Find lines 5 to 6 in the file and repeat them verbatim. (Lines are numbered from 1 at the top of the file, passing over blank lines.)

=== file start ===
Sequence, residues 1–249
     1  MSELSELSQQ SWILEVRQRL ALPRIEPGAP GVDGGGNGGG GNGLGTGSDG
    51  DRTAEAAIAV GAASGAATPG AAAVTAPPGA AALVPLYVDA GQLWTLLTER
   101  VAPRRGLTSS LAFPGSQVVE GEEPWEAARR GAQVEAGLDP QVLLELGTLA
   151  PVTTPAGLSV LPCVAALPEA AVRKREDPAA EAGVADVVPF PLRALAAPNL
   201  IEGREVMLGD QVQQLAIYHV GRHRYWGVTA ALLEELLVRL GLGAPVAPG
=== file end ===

   151  PVTTPAGLSV LPCVAALPEA AVRKREDPAA EAGVADVVPF PLRALAAPNL
   201  IEGREVMLGD QVQQLAIYHV GRHRYWGVTA ALLEELLVRL GLGAPVAPG